Anonymous | 4/21/2008 - 2:48pm
As one who has sang for Masses in the Archdiocese of Washington for twelve years, I was ashamed to be a singer as I watched in horror at the Conga Mass at Nationals Park. "Plenty Good Room" had better grammar than it did Catholicism. An electric piano? A samba as a motet? The liturgy was an absolute joke. Look at the facial expressions by the pope during the music in Washington and compare them to those during the mostly beautiful musical selections in New York.
Anonymous | 4/21/2008 - 10:57am
I agree- I found both Fr. Neuhaus and Raymond Arroyo haughty and pretentious throughout the coverage- Fox News Channel offered much better coverage- By the way Vatican Radio offers excellent coverage in many languages- turn down the sound and listen to excellent commentary- Allen Murphy westminster, Colorado
Anonymous | 4/19/2008 - 10:29pm
I found it interesting that the EWTN woman reporter, who was at the D.C. Mass and who immediately spoke after Neuhaus' criticism of the music, expressed a different point of view (probably because she didn't hear his negative comments). Believe me, this is not the first time that EWTN has interjected its own opinions during a Papal visit. When John Paul II visited Columbia, SC, many years ago, Mother Angelica herself started the trend of criticizing what she disliked: "liturgical commissions" and other such bodies. During her commentary between the Pope's appearances at that time, she began a diatribe on the placement of tabernacles in churches, she criticized the use of crosses instead of crucifixes, etc., etc. There was a huge audience to be influenced and she took the opportunity to express her views. She and EWTN are responsible for trying to undo what was promulgated by Vatican II and not only with regard to liturgy. She has also openlly criticized some Cardinals and bishops in the U.S. Church. EWTN, in my opinion, has had a negative effect on many Catholics in the U.S. who rely on that network for any information about the Church by narrowing their vision. Someone should inform EWTN that multicultural celebrations of the liturgy are here to stay. This is not time to reintroduce Bach.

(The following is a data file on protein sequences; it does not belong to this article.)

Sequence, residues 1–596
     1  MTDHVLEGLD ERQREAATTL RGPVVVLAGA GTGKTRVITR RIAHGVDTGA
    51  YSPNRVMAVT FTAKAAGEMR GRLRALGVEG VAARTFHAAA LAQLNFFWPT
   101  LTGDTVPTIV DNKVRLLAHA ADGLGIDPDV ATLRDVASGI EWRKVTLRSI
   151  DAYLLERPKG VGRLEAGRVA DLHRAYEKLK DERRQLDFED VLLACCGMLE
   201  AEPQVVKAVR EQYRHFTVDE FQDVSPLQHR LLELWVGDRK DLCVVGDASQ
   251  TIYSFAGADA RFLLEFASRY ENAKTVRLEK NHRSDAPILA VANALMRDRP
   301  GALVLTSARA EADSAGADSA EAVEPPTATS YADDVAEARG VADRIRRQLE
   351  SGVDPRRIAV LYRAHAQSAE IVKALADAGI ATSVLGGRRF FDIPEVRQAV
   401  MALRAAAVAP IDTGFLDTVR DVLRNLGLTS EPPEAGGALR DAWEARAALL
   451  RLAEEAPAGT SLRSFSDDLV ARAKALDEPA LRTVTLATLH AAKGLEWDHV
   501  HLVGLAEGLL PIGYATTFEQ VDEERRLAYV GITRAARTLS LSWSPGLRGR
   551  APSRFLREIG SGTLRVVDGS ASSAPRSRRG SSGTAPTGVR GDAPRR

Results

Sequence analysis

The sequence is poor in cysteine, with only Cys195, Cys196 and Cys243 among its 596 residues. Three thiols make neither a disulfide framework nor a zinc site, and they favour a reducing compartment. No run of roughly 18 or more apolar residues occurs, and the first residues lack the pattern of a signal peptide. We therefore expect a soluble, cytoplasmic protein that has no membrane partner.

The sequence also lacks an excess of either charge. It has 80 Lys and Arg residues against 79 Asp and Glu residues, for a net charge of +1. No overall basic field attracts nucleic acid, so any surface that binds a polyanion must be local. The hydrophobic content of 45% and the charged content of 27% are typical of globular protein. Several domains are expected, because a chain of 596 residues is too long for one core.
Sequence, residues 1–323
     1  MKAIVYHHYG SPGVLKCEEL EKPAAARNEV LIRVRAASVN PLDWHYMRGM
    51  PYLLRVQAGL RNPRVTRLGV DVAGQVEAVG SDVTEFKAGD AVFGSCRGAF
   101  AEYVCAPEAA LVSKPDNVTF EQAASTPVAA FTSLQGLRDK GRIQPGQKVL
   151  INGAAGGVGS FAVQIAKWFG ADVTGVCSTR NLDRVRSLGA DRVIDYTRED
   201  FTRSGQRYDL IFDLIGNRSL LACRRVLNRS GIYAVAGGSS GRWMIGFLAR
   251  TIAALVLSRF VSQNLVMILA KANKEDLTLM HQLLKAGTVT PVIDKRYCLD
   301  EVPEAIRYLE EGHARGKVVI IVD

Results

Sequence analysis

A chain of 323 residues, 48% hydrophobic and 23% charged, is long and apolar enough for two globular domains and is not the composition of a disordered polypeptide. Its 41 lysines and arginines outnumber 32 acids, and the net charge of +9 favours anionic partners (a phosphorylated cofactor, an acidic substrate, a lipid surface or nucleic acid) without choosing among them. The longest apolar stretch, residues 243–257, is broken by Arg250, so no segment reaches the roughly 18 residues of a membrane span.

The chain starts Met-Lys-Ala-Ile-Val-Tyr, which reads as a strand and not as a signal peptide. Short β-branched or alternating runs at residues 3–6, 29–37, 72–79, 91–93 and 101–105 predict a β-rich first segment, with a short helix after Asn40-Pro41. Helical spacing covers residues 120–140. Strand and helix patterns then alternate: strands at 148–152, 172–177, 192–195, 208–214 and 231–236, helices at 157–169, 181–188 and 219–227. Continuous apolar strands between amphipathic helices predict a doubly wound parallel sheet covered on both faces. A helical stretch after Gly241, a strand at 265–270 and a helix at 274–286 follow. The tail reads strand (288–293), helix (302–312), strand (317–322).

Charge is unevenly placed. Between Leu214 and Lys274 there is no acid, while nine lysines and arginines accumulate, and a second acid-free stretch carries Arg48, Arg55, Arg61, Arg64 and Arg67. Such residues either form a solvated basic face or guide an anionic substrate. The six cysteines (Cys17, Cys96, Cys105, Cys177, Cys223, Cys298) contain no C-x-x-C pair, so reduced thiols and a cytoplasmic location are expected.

Anonymous | 4/19/2008 - 2:33pm
I was surprised at the sharpness of Fr. Neuhaus. And I believe EWTN commentators were then surprised at the very positive evaluation of the Holy Mass given by their woman contact at the Mass. Immediately after Fr. Neuhaus she spoke with joy of what a wonderful, positive celebration it had been, how the congregation seemed to be very active, singing, rejoicing and celebrating with the Holy Father.
Anonymous | 4/19/2008 - 10:05am
If the best rebuttal America Magazine has for Fr. Richard John Neuhaus’ comments is Winter’s concern that his comments might upset nursing home residents and school children, then this magazine has just proven without a doubt that it has existed all reasonable debate. Not that this surprises me.
Anonymous | 4/18/2008 - 7:01pm
For those interested in what the music actually was, the National Pastoral Musicians (the Catholic organization of church musicians) has the list of songs (including a short description of each) at: http://volcano.und.edu/vwdocs/EOSslides/slides/slide40.gif On a personal note, though I may not always appreciate all of our "modern" catholic music, I was pleased at the forethought of Thomas Stehle for planning a mass full of every type of music out there from 9th century chant to pieces only written in the past few years. So many times we skip on the traditional for the modern--the most successful liturgies interweave the best of both worlds.
Anonymous | 4/18/2008 - 3:27pm
Even though ETWN probably doesn't have to get into a public debate about liturgy, I understand the legitimate concerns of Father Neuhaus. What he was talking about was in fact a critique of multiculturalism, which is famously labeled as communitarianism by its opponents. While proponents of the Washington Mass say it reflects American culture, critics of communitiarianism will tell you that it rather reflects a racist Anglo-Saxon ideology which confuses culture with ethnic stereotypes. For example, there was a part in the Washington mass that featured jazz % blues for African Americans, rock for Average Americans, and little quips in foreign languages that misrepresent ethnic cultures. Dignified liturgy has none of this. The classical definition of liturgy, found in Mediator Dei, states that liturgy is the true propitiatory sacrifice of the Body and Blood of Our Lord Jesus-Christ. What should have occurred in Washington was a Pontifical Mass because it truly fits all the solemnity that the Church can offer. In fact, the Church is already universal per se as God's People. The Church is One, Holy, Catholic and Apostolic. In fact, the Eucharist builds the Church and the Church receives the Eucharist. Clearly, the Roman Rite already contains what is necessary to unify all nations. Latin is said to be the favourite language of angels when they sing in Heaven. Of course, some say that the Church has evolved and must do this and that. However, the declaration Liturigam Authenticam clearly states what the Holy See is looking for in terms of liturgy. Should Heaven evolve and should God evolve to suit our needs and our sins ? Thank Heavens, I certainly hope not !